The best way to contribute code is to submit a high-quality pull request against the master branch of the official repository on GitHub. To speed up code review and improve your code acceptance chances, please adhere to SquidCodingGuidelines and follow the MergeProcedure.
Auto-generated Programming Guide offers some (but certainly not enough) information on the Squid internals with links to the latest version of the code.
Finding things to do:
Bugzilla contains bugs and feature requests.
RoadMap lists the feature wishes and plans for future releases.
RoadMap/Tasks itemizes general cleanup tasks that need to be done. These can be good introductory tasks.
HTTP/1.1 compliance violations need to be addressed.
- git grep XXX
- git grep TODO
- Other developers are often able to provide projects for anyone just wanting to contribute.
Most development discussions happen on the developer mailing list. Please note that all messages must be sent in plain-text only (no HTML email).
We run constant integration testing with a BuildFarm. Additions to it are welcome.
There are several ways to get Squid sources. The method you select determines whether the sources come bootstrapped or can be easily updated as the official code changes.
Raw sources via GitHub
When working from this repository the bootstrap.sh script is required to prepare ./configure and related magic. See #Required_Build_Tools for the required bootstrapping and building tools.
Bootstrapped source tarballs via HTTP
The latest sources are available at address http://www.squid-cache.org/Versions/ with a series of previous daily snapshots of the code for testing regressions and other special circumstances.
The daily tarballs displayed are listed by date created and the Bazaar evision number / git hash included in that tarball. Gaps are expected in the list when there were no new revisions committed that day, or when the revision failed to compile on our tarball creation machine.
Daily tarballs contain the fully bootstrapped tool chain ready to build. But be aware that some changes may appear with incomplete or missing documentation.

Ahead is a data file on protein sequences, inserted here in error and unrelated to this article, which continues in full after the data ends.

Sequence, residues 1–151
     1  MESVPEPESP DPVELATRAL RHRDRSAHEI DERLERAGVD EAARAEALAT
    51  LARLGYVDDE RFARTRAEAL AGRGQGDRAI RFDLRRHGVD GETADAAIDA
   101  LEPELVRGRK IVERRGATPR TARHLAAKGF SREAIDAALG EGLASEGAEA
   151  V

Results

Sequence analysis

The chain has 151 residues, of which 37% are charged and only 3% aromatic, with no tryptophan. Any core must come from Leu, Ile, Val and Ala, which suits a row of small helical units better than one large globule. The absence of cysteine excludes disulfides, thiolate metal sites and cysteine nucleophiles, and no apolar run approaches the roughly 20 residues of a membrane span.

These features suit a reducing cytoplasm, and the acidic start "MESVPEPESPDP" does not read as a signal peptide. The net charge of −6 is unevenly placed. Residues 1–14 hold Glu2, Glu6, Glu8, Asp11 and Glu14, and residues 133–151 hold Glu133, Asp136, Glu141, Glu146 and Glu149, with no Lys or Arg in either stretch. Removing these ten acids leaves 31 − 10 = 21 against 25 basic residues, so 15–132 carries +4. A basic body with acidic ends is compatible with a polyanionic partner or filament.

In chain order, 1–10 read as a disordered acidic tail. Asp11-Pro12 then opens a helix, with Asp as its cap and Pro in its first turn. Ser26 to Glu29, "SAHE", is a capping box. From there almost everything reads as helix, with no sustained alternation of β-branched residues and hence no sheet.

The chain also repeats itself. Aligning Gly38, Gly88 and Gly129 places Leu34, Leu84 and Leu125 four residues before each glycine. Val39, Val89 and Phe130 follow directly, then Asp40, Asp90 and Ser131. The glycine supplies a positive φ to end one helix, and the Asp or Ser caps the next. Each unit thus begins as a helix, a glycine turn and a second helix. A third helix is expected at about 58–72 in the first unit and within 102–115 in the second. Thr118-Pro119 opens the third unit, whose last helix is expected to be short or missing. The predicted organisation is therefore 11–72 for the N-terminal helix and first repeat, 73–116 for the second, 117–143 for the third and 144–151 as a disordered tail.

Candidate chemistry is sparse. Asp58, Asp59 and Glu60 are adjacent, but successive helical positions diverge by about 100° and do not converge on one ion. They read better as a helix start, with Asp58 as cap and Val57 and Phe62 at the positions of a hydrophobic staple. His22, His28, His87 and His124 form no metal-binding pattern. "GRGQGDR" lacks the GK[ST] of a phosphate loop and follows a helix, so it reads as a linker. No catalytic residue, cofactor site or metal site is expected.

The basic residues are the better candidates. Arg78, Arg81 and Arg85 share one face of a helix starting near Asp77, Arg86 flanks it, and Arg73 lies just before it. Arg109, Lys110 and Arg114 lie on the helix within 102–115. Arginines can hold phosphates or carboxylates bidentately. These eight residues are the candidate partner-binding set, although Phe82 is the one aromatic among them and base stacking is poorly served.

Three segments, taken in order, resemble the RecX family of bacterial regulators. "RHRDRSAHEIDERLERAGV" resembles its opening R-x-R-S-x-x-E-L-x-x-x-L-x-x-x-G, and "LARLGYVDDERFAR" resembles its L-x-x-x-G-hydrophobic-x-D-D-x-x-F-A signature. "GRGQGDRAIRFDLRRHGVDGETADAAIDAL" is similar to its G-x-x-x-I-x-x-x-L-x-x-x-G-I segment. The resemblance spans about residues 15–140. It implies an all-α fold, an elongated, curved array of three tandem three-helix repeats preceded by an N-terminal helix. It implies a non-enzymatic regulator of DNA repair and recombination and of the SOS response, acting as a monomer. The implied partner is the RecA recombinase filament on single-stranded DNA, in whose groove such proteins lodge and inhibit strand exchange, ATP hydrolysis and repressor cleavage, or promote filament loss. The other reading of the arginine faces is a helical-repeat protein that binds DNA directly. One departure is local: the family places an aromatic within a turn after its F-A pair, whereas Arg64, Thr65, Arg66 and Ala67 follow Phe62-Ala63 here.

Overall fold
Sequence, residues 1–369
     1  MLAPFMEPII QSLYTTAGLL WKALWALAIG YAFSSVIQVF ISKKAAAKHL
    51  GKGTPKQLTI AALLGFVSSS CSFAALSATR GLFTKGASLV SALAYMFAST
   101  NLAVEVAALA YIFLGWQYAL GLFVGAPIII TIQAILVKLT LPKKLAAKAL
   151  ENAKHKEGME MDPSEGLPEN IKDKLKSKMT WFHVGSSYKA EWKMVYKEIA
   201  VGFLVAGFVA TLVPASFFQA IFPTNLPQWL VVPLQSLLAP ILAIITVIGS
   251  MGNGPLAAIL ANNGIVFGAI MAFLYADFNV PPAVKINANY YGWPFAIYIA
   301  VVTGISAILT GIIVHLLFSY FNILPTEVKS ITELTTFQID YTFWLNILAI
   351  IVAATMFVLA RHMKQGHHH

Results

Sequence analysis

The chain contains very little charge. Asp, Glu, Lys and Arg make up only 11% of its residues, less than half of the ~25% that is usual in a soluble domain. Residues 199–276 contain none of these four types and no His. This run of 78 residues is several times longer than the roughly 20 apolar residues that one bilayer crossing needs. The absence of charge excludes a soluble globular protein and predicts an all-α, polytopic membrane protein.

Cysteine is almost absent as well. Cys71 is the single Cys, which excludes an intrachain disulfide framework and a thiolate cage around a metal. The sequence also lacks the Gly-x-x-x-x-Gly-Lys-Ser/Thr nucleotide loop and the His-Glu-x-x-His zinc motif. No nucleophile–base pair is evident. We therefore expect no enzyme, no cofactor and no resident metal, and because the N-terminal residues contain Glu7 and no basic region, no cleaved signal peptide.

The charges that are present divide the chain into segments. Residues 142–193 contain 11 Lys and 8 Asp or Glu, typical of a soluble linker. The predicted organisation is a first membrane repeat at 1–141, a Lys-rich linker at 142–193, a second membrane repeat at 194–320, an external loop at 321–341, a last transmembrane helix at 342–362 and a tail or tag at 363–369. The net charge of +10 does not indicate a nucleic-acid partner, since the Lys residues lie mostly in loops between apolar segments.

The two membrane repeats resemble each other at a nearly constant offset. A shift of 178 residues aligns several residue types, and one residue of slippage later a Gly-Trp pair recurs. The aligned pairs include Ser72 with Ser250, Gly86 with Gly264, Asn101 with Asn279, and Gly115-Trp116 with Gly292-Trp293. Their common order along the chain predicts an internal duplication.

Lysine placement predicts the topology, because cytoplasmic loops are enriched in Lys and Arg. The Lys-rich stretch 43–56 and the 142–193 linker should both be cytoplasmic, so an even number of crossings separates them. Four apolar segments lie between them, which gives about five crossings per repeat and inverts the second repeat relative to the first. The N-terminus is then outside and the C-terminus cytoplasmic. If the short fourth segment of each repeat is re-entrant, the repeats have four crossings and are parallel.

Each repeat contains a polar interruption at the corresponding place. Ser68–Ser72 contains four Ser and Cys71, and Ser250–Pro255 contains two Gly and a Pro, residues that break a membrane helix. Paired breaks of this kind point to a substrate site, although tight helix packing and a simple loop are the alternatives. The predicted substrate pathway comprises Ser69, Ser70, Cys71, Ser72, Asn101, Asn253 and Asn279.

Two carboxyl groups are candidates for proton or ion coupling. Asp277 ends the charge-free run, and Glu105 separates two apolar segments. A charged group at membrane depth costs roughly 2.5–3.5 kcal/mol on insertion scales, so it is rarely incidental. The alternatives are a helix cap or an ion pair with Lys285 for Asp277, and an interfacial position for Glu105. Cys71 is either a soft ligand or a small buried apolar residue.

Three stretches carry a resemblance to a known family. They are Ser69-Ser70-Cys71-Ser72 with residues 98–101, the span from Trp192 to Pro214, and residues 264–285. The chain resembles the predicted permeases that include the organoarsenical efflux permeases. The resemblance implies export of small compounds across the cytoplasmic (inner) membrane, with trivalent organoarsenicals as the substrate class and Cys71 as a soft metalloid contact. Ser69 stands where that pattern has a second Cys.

As a more lightweight alternative you can use rsync to fetch the latest tarball content.
Bootstrapped sources via rsync
As a more lightweight alternative to the tarballs you can use rsync; the latest sources are available at address rsync://squid-cache.org/source/<version>
The rsync source mirrors the latest published sources tarball.
The rsync sources contain the fully bootstrapped tool chain ready to build. But be aware that some changes may appear with incomplete or missing documentation.
To use this feature you may use
$ rsync rsync://squid-cache.org/source (sample output) drwxr-xr-x 512 2011/03/20 19:14:28 . drwxr-xr-x 1024 2009/09/17 14:13:26 squid-2.6 drwxr-xr-x 1024 2011/03/20 19:14:06 squid-2.7 drwxr-xr-x 1024 2010/07/02 13:10:53 squid-2 drwxr-xr-x 1024 2010/07/02 13:17:48 squid-3.0 drwxr-xr-x 1024 2011/03/20 19:14:21 squid-3.1 drwxr-xr-x 1024 2011/03/20 19:14:26 squid-3.2 drwxr-xr-x 1024 2011/03/20 19:14:26 squid-3.3 drwxr-xr-x 1024 2011/03/20 19:14:26 squid-3.4 drwxr-xr-x 1024 2011/03/20 19:14:26 squid-3.5 drwxr-xr-x 1024 2011/03/20 19:14:13 squid-4
After you've selected the version you wish to download you can:
rsync -avz rsync://squid-cache.org/source/<version> .
Required Build Tools
- autoconf 2.64 or later
- automake 1.10 or later
- libtool 2.6 or later
CppUnit for unit testing.
Depending on what features you wish to develop there may be other library and tool requirements.
Building tarballs for distribution requires these additional tools:
When working from the repository code the bootstrap.sh script is required initially to run a number of autotools to prepare ./configure and related magic. This needs repeating after any changes to the Makefile.am or configure.ac scripts, including changes received from the repository updates. Common bootstrap.sh problems are discussed in ProgrammingGuide/Bootstrap.
ReleaseProcess describes the process and criteria used by the Squid Developers when making new Squid releases from the accepted changes.
WhoWeAre explains who the people working on the Squid project are.
During the life of the Squid project, a number of papers have been published.
Code Sprints are informal gatherings of Squid developers with a focus on developing urgently needed features or fixing major bugs. You can find links to related documents in MeetUps.